1. I would recommend practicing doing flips in the middle of the pool, and not just at the wall. Start very slowly, and once your body gets more used to the turning, you should be more comfortable doing it faster and against the wall. It will get better, I promise! I also recommend closing your eyes, that might help.

  2. Hey. I’ve been trying for a couple of years to learn to flip turn. Nothing seems to be working. I always end up with a head full of water and after two or three I get nauseous. I considered getting some nose clips but haven’t yet. These videos are great but I’d like to see “flip turns for absolute beginners” and maybe an instructional video called “how to teach a flip turn.” I’m a retired, recreational swimmer who swims 2x a week, 1500m each time. Thanks

    1. Robert, thank you for your great feedback. We are actually working on producing a lot more educational videos like this in the upcoming months. We will for sure incorporate more beginner tips. If you’d like some specific feedback on your swimming, email our CEO He’s always happy to help!

      Thank you for your support, and happy swimming! 🙂

      – Paige Walters, Marketing Director

      1. I second this request. I need the flip turn instructions and drills demonstrated more. at present, I can swim up to 1650 yds in 55 minutes but only of the first 400-500 yds are mostly back stroke and need to keep increasing endurance. My goal is 1 mile open water competition in a lake

  3. Thank you for the tips, being able to flip has made a difference with my swim!
    It was a long time dream to be able to do this, and the 5 step broke the flip down and made it easier to accomplish… now the job is to perfect it at every single turn!

  4. I was taught to do flip turns about 25 years ago so it’s almost second nature for me. I have however noticed that by the time my feet touch the wall, I’m already on my side so my push off is not on my back. Is there any benefit from pushing off on your back rather than on your side?

    1. You do statistically kick faster on your side than your back, but you would last lonver underwater on your back instead of your side, allowing you to save more energy for actually swimming. I had the same problem, but I was taught this and it helped to drop time

  5. I swim with a guy next to me who is a tri-athlete and his wife swims in the nxt lane. She does all the strokes per workout and flips her turns. He thinks he does not need to do all 4 strokes and flip turns. A real attitude. We recently had a timed 10 x 100’s off the blocks. He is 35 years younger. I was in the water before him, he started catching up until the turn, I did my flip turn onto my back and dolphin kick, didn’t breathe going in or out as trained. When I took my first breath he was 2 body lengths behind me, then the 2nd and 3rd turn, he was still behind me. When I touched the wall, he was 3 body lengths behind me……..he would not look at me. So for all 10 x 100’s, he could not catch me. I never said a word to him, because he was fuming. His wife came up to me and said, keep swimming next to him, because you are influencing by example. The coach later gave him some counsel about his attitude and dared and challenged him to do all his turns as flip turns and all 4 strokes. His attitude changed, he got better and better at each practice. The next time trial, he was on! He struggled with fly and finally asked me for help and I smiled, and hugged him and told him I would be happy to teach him with easy steps technique, like we teach little kids. After 2 months he was finally getting the undulating. He did his first 50 fly time trial, but I did not swim next to him. I swam in the next heat. We then did a 100 fly and that was easy peasy for me, but a struggle for him. Then I did a 200 fly time trial to see where I was at and there were only 3 of us able to do that. That was a successful outcome for me to finally swim my favorite event. He was forever humbled by experiencing change, leaving ego behind, accepting an older persons perspective and learning to be a real team mate. We still swim next to each other and he makes me a better swimmer. Everyday, we write our goal on paper and read today’s mantra out loud. He is swimming in his first swimming ever on January 28th with wife in tow. Yay!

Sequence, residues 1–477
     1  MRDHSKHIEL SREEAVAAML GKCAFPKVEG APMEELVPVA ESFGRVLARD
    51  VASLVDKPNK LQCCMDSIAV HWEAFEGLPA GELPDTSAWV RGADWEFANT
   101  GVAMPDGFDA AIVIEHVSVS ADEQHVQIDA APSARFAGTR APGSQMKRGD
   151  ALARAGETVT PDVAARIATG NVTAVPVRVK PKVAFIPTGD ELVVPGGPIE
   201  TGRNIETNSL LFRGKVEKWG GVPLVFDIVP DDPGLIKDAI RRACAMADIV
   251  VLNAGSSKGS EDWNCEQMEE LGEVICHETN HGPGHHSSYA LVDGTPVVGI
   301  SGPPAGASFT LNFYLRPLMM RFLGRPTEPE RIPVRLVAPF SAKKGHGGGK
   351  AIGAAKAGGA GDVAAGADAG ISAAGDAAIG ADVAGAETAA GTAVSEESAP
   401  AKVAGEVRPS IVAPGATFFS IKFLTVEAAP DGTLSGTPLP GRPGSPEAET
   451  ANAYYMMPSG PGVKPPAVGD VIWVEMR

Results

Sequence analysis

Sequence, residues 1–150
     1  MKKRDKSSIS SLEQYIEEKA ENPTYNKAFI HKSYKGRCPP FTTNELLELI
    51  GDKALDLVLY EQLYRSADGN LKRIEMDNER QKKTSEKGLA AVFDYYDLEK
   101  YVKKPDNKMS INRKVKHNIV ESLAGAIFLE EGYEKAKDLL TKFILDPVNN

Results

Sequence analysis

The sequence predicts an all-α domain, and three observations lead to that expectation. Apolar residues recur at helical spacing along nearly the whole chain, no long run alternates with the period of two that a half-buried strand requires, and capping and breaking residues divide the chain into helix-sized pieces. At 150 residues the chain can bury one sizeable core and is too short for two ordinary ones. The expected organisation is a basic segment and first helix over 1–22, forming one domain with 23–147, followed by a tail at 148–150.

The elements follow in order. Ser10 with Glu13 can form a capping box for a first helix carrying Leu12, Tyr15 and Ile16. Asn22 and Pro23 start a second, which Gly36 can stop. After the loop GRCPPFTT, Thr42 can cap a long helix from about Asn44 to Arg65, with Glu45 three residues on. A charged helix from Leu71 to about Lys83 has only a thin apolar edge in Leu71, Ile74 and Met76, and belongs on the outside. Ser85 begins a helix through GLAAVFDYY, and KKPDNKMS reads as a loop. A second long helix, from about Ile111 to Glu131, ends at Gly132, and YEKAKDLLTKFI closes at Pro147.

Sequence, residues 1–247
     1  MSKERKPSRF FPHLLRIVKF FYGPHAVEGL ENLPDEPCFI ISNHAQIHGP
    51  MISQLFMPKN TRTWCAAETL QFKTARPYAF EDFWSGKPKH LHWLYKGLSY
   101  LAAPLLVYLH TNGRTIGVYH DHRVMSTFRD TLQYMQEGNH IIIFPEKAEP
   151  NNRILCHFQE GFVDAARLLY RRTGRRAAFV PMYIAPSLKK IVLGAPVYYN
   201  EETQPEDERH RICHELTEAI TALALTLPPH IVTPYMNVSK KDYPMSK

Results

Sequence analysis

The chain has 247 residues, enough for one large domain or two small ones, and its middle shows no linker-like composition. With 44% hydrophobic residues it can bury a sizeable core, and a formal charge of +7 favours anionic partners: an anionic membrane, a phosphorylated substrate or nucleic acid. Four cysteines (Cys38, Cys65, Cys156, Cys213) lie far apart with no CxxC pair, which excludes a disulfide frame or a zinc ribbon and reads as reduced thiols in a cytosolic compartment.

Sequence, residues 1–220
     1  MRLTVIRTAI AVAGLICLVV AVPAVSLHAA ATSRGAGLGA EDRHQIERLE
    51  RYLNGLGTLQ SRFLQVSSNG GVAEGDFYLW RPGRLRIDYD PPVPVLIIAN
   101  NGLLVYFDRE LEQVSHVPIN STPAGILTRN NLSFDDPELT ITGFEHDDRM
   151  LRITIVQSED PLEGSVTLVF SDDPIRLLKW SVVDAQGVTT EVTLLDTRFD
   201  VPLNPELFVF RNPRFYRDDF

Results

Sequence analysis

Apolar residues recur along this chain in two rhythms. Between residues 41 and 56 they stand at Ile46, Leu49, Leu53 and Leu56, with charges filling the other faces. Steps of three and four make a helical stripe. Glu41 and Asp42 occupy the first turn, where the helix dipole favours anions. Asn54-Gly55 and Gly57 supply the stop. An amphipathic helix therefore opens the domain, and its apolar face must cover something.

Leave a Reply